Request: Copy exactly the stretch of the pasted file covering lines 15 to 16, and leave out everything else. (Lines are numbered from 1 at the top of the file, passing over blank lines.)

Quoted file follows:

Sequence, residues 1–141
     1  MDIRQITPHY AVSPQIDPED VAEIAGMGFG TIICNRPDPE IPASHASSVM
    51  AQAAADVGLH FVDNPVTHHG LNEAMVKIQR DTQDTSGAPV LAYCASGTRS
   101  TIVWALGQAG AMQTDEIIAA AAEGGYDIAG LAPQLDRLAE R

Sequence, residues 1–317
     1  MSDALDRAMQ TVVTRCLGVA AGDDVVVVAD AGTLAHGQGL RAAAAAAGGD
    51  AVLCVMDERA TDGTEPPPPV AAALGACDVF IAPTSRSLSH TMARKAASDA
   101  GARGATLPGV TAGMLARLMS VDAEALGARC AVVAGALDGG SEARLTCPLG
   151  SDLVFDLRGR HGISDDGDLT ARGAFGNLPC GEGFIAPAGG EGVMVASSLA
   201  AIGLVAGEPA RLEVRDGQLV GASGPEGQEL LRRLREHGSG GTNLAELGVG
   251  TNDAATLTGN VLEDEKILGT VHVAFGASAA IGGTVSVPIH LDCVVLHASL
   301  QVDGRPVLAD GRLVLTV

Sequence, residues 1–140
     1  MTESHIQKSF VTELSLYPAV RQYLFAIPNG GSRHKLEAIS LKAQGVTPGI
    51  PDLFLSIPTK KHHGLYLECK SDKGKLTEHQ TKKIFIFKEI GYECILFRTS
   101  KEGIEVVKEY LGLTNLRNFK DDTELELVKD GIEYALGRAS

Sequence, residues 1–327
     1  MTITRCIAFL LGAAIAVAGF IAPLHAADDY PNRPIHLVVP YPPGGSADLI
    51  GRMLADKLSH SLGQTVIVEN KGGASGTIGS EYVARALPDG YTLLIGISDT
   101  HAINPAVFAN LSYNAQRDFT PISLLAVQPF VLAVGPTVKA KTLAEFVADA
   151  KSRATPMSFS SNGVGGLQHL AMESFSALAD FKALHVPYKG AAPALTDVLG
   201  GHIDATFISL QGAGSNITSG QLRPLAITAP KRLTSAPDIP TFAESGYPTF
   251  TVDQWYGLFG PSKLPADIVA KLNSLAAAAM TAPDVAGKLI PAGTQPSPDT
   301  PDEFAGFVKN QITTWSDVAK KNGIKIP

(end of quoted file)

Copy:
    51  PDLFLSIPTK KHHGLYLECK SDKGKLTEHQ TKKIFIFKEI GYECILFRTS
   101  KEGIEVVKEY LGLTNLRNFK DDTELELVKD GIEYALGRAS